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June in the Crescent City is known for its heat, afternoon thunderstorms and the rainbow flags and bunting decorating the balconies and street posts throughout the French Quarter. June is known internationally as Gay Pride Month. It was established to commemorate the 1969 Stonewall riots which resulted from the initial arrest of thirteen gay men during a raid on the popular Greenwich Village club, The Stonewall Inn. During the 1960’s these raids that police claimed were to maintain civic decency were more and more common. The charges were more and more trumped up. As word spread of yet another raid that specifically targeted the homosexuals of New York City, patrons and neighbors began to assemble out side of the bar. The protesters soon outnumbered the police, nearly fifty to one! According to witnesses, a peace officer would strike a woman and arrest her. That is when the crowd began to throw rocks and bottles at the officers. The protests would involve thousands and lasted for five days.

Stonewall Protesters

One year later, on the weekend of the anniversary of the Stonewall Riots, the first Gay Pride events were held. The City of New York planned one for the actual anniversary on the 28th which would fall on a Sunday in 1970. Chicago, therefore held theirs one day earlier on Saturday. New Orleans did not make a public commemoration until February of 1971. Contrary to what the city is known for, it did not have a parade.  Instead, the short lived Gay Liberation Front of New Orleans sponsored a “Gay-In” Picnic at City Park. Later that year another was held in Washington Square on Frenchman Street. It is possible that these public exhibitions of homosexuality in 1971 would lead to another yearly tradition, Southern Decadence. In 1972, a handful of Tulane students living in the Tremé neighborhood decided to throw a party for the Labor Day weekend. It was to be a costume party and the theme was ‘your favorite Southern Decadent’. This first gathering was such a success, that the following year they began to ‘parade though the French Quarter, stopping at their favorite bars. By 1974, Southern Decadence was deemed officially part of the New Orleans festival scene with the inclusion of its first grand marshal.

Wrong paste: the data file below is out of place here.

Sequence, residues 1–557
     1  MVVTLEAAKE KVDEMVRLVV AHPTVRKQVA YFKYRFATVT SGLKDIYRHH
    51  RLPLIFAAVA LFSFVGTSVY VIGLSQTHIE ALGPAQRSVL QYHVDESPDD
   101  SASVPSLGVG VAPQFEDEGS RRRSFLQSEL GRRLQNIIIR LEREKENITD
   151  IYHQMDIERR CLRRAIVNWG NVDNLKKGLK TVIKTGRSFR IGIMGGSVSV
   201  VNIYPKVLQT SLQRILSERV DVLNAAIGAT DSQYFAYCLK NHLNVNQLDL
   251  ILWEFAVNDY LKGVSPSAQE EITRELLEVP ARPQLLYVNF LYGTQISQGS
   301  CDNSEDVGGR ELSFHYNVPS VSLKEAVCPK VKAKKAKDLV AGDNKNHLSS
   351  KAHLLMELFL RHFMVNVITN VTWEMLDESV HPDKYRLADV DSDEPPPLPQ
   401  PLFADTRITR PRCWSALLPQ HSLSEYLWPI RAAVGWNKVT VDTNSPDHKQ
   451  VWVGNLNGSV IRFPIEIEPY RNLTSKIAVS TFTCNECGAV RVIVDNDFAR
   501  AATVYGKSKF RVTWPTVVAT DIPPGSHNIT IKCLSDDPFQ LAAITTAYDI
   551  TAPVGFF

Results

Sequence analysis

Southern Decadence 2016

Unfortunately, the New Orleans LGBT community would suffer tragedy in 1973.  On June 24th, four days before the fourth anniversary of the Stonewall arrests, a group of 125 were attending services at the Metropolitan Community Church. The congregation would meet in the Upstairs Lounge on Chartres Street above what is today the Jimani Lounge. Around quarter to eight a fire was intentionally started in the main stairway leading to the upstairs bar. Thirty-two men died horrible deaths, unable to escape. Funeral homes and churches turned away grieving families, refusing to provide service for any homosexual. In several instances, families would not even go to the morgue to identify their ‘loved’ ones. A prime example is that of Rev. Bill Larson whose body can be seen in photos partially hanging out a window of the UpStairs Lounge. His sole surviving relative, his mother, refused his remains. This attack would amount to the worst hate crime against homosexuals until the 2017 Pulse Nightclub shooting. The primary suspect in the fire was Roger Nunez, a patron of the bar who was thrown out earlier in the evening. He was not arrested and committed suicide a year later.